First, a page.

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Virtual reality tech, long in use for gaming (pictured), could be used for pornography (MAURIZIO PESCE (CC BY 2.0)

Serious newspapers still divide their culture sections into television, books, theatre, film, music and, at a pinch, gaming, as if those old categories covered the only entertainments on offer. No one has a YouTube correspondent, even though culture today is overwhelmingly found on the web. No one, not even Standpoint, has a pornography correspondent, even though a large part of web culture is pornographic.

Everyone lies about sex, and measurements of the porn market’s size are notoriously unreliable. Journalists quote a figure from 2010 that 37 per cent of the internet is made up of porn. It’s not true now, and almost certainly was not true then. The best estimate is that the sweaty fingers of users looking for pornography type about 13 per cent of all searches. Even the scaled-back figure reveals a vast market for carnal pleasures. Just one site — Pornhub — had 28.5 billion visitors in 2017.

Radical feminists and moral conservatives aside, the dominant mode of thinking in Western societies has held that society has no right to interfere. “What consenting adults do in private is their business. As long as they harm no one else, they should be free to behave as they choose.”

The harm principle is about to be put to a searching test as technology makes the dividing line between virtual reality (VR) and actual reality meaningless. VR platforms can provide immersive experiences, which are so convincing the user feels they are authentic. Soon you will be able to turn yourself, your friends, neighbours and celebrities into avatars. Headsets will deliver sights and sounds as you play with them. Olfactory gasses and oils will provide the appropriate smells. The sensations of touching others and being touched yourself will be created, indeed already are being created, by “haptic” vests, gloves, masks and armbands. Meanwhile, a patent that crippled the development of teledildonics — web-controlled vibrators and dildos — that can mimic sex at the command of a long-distance lover or a machine that reads the participants’ responses — expired in August. Maxine Lynn, a US intellectual property lawyer with expertise in sex and technology, announced in a suitably ecstatic voice that “the race will be on to create the most fantastic orgasmic experience possible over an internet connection”. The SexTech market was “exploding with demand”, as the existing traffic to pornographic sites showed. It will be met.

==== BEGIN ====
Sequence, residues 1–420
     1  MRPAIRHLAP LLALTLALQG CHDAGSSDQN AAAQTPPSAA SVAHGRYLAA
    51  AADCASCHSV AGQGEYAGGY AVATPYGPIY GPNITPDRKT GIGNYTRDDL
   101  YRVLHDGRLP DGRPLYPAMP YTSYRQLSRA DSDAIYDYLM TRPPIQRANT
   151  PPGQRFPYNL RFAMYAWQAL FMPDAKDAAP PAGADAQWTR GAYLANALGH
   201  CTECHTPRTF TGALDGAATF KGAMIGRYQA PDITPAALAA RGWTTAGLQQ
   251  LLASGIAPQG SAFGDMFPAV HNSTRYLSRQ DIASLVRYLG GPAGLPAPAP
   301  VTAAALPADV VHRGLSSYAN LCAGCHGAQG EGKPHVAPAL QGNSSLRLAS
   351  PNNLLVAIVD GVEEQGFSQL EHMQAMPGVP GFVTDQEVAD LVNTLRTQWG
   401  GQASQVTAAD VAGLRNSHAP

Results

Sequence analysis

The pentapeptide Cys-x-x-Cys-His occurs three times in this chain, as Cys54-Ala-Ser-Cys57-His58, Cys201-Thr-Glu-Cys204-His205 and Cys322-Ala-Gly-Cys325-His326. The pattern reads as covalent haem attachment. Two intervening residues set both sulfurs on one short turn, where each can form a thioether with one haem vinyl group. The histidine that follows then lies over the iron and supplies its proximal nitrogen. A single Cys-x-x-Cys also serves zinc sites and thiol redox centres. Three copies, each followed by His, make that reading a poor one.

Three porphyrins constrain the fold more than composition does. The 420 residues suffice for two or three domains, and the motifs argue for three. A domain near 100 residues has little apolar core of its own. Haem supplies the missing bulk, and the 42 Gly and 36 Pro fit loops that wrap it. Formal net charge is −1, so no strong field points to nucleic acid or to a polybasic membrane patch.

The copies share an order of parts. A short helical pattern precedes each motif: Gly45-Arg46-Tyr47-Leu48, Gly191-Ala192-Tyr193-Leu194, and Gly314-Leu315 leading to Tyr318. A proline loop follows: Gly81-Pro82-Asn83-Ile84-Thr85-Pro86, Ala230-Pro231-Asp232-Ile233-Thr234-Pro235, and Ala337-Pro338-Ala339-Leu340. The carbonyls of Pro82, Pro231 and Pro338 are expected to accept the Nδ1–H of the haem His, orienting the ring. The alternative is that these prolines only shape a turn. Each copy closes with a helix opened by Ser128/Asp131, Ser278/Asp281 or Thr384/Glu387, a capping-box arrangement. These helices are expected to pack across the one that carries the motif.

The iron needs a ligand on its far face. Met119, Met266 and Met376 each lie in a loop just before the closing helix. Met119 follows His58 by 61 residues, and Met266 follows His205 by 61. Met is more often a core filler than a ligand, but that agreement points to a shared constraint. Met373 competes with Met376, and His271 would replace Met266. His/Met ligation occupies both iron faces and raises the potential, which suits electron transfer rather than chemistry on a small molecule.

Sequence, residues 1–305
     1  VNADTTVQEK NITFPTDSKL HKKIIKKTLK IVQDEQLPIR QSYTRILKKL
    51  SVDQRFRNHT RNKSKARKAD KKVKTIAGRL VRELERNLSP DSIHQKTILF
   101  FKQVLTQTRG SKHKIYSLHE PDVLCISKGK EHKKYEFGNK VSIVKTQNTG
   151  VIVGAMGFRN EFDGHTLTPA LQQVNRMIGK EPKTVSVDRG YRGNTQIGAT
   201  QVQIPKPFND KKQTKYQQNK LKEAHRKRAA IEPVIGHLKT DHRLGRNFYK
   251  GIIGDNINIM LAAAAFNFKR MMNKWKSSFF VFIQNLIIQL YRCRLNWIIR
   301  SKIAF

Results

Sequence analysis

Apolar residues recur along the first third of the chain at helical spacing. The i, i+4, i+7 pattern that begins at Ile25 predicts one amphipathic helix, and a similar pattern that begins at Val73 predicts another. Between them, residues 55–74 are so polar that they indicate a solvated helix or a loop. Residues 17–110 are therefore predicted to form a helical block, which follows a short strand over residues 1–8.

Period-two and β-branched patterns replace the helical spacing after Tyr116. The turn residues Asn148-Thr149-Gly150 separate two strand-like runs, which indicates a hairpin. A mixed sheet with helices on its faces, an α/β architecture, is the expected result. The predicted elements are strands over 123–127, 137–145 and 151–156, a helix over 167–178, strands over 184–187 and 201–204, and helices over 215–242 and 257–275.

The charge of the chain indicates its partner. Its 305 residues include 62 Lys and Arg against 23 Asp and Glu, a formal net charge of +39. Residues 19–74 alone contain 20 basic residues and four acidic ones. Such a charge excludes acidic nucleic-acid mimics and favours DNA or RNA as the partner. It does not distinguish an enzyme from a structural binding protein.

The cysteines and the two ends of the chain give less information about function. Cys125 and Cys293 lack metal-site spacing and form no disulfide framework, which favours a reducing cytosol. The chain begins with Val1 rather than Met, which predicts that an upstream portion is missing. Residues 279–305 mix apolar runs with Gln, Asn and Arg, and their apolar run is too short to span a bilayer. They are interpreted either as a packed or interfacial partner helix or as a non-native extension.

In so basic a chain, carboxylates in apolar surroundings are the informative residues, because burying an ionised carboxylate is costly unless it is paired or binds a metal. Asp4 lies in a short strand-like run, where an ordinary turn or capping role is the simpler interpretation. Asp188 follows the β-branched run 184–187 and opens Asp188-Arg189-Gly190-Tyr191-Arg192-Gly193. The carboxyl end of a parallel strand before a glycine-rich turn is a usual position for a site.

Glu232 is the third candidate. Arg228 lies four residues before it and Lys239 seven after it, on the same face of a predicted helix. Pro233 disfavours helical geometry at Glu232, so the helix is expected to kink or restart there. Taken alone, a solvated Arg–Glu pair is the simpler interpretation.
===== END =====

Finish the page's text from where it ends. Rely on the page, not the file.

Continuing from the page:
No “others” will be hurt in the new world of immersive sex. Indeed, no one apart from the user need be involved in the games. VR can be a solipsistic entertainment with just one player. But the moral questions will be extraordinarily hard and push the liberal consensus on sexual morality to the point of breakdown.
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